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Interest sparked in finding investors for low-income Macon neighborhoods

BEAU CABELL/THE TELEGRAPH Macon, Ga., 01/18/2019: Charise Stephens and Bob Fickling stand in front of their newly renovated U Create Macon at the corner of Third Ave. and Ward Street. The former store, vacant for nine years, has been renovated into a “maker’s space” in the Pleasant Hill neighborhood.
BEAU CABELL/THE TELEGRAPH Macon, Ga., 01/18/2019: Charise Stephens and Bob Fickling stand in front of their newly renovated U Create Macon at the corner of Third Ave. and Ward Street. The former store, vacant for nine years, has been renovated into a “maker’s space” in the Pleasant Hill neighborhood. bcabell@macon.com

A new $15,000 grant being considered by Macon-Bibb County government will be used to help showcase 15 new designated “opportunity zones” and entice developers.

The zones are meant to spur economic growth in distressed neighborhoods by offering investors major tax breaks for doing business in those zones.

There are federal regulations preventing certain types of investments but everything from manufacturing to housing to restaurants and more would fit the mold.

Macon is home to Propel Opportunity Funds, a group that’s trying to raise hundreds of millions of dollars from investors for projects in opportunity zones across the nation.

Thus far, Propel has five projects planned. For example, in southwest Atlanta they have a 100-unit apartment complex and in Knoxville, Tennessee, there is college student housing would be built near the banks of a river offering “panoramic views” and various amenities.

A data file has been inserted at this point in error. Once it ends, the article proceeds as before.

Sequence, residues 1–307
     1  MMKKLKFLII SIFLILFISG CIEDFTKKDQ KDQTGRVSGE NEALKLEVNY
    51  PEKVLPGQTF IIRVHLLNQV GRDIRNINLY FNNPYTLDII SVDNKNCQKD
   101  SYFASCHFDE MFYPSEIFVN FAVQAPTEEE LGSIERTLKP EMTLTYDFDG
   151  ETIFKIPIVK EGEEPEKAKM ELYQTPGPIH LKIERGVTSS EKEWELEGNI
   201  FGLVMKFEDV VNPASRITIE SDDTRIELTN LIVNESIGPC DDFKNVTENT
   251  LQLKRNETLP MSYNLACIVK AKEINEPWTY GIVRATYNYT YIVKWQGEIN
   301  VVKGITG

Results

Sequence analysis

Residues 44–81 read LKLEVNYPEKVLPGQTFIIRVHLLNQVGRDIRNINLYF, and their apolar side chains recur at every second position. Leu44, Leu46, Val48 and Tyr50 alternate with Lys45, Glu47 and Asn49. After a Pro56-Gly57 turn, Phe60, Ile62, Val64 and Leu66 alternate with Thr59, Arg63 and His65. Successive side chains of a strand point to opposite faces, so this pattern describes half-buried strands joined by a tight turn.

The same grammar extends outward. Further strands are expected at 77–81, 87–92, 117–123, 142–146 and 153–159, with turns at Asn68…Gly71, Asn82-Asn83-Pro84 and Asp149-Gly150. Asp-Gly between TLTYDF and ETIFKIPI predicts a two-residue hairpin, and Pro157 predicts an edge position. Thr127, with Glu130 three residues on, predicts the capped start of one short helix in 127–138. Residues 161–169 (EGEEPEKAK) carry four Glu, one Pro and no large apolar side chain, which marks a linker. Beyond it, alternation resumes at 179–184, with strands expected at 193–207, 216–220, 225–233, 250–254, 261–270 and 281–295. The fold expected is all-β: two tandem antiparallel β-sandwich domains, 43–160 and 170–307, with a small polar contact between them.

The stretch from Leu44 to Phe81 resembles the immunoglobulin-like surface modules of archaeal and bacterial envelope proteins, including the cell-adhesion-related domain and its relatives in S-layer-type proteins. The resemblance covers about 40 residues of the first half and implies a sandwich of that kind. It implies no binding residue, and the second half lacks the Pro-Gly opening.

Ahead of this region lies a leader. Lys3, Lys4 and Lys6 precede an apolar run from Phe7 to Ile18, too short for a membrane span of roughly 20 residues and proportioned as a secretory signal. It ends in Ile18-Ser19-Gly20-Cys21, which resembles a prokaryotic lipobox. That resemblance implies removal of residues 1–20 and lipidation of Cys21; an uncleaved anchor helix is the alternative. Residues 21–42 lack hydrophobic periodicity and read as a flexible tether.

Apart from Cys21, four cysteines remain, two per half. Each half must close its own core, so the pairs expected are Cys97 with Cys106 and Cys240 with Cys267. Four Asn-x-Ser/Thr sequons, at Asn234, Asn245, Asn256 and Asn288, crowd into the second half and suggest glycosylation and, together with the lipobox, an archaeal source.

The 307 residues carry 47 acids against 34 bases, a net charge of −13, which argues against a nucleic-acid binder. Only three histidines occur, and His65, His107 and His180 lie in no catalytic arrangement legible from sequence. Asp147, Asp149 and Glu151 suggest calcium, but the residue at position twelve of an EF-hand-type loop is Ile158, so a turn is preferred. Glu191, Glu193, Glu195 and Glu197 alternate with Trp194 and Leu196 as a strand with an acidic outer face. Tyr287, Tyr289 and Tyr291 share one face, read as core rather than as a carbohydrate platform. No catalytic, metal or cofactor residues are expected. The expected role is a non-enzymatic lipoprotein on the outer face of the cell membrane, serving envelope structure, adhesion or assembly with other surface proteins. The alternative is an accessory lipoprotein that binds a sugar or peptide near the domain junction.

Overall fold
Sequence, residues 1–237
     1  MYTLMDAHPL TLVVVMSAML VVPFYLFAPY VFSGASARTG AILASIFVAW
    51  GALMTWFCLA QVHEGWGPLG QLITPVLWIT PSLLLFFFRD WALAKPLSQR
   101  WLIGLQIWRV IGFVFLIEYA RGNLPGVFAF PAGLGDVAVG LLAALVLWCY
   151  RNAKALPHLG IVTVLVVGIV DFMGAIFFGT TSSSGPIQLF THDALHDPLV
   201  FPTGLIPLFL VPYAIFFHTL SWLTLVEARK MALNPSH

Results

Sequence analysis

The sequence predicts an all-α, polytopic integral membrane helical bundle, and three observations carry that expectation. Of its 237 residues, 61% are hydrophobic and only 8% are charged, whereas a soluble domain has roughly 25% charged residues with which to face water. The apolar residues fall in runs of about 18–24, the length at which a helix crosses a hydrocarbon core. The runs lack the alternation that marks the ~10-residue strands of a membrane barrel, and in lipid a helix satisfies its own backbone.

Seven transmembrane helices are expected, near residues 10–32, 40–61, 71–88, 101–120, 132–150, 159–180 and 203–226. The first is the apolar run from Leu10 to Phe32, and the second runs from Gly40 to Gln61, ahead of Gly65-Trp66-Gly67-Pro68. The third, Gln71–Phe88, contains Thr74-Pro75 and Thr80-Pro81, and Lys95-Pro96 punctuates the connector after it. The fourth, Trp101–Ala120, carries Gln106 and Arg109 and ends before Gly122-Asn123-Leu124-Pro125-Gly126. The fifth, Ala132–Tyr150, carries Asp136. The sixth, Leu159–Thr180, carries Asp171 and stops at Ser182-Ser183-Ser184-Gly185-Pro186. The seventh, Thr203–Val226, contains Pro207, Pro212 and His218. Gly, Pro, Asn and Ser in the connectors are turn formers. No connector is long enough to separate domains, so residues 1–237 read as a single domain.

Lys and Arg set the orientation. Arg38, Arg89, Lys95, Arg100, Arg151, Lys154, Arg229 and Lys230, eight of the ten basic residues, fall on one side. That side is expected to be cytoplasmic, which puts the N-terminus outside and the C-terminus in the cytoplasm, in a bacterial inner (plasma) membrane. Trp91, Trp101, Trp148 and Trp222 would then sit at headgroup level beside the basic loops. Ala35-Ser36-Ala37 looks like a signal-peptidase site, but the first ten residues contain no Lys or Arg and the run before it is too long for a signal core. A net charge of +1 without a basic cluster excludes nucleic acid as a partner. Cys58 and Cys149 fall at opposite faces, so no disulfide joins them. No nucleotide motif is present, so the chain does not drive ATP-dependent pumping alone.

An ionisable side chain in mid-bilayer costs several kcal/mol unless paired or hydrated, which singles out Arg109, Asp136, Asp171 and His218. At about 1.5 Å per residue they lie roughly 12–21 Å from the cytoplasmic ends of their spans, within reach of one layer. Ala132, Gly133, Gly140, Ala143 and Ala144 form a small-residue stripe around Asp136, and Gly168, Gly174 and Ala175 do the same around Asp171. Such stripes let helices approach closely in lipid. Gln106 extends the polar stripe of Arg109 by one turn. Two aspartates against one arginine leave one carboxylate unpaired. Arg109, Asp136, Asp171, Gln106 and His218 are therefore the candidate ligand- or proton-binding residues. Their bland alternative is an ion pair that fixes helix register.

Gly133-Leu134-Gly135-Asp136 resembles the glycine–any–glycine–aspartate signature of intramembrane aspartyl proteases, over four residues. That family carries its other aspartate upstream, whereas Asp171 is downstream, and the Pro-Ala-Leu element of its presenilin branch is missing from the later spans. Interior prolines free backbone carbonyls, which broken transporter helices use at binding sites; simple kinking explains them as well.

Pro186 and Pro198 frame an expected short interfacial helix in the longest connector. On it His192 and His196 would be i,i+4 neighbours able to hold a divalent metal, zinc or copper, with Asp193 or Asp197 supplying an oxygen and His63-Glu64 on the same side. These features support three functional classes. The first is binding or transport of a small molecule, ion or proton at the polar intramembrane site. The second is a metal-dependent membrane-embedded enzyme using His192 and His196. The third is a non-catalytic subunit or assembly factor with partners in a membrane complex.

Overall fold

Propel also has has plans to be involved in a federal tiny homes program for veterans. The group is looking to find projects in Middle Georgia as well, Propel’s co-founder and CEO Frank Austin said.

“What we’re looking for is the way to incentivize the distressed neighborhoods,” Austin said. “It may be apartment complexes, it may be senior homes, it may be an opportunity for a hotel or maybe rebuilding an entire community based on the needs and desire of the community.”

In one of the opportunity zones in Pleasant Hill, Charise Stephens co-founded U Create Macon.

U Create Macon is a “makerspace” inside a red brick two-story building in the heart of the historic black neighborhood where people can focus on entrepreneurship, music, digital arts and more.

The founders gathered donated furniture and applying some elbow grease from neighborhood residents and others to get the workspace open. It’s a type of investment not designed to make money, but could benefit residents and the neighborhood for a long time, said Stephens.

Stephens said she would welcome more investment into the community, such as more manufacturing or a business selling organic food inside a now vacant storefront.

The concept of an opportunity zone goes beyond just spurring economic development in poorer communities.

The tax breaks are the way the government is trying to fix the lack of development in certain communities by drawing in the investors, said Gregorio Caetano, an assistant professor of economics at the University of Georgia.

Business owners are typically mostly concerned about how a certain community benefits the company, he said.

The zones are a way to help them consider investing in areas where there can be benefits beyond profit.

“We do know certain types of investment have a qualitative effect,” Caetano said.

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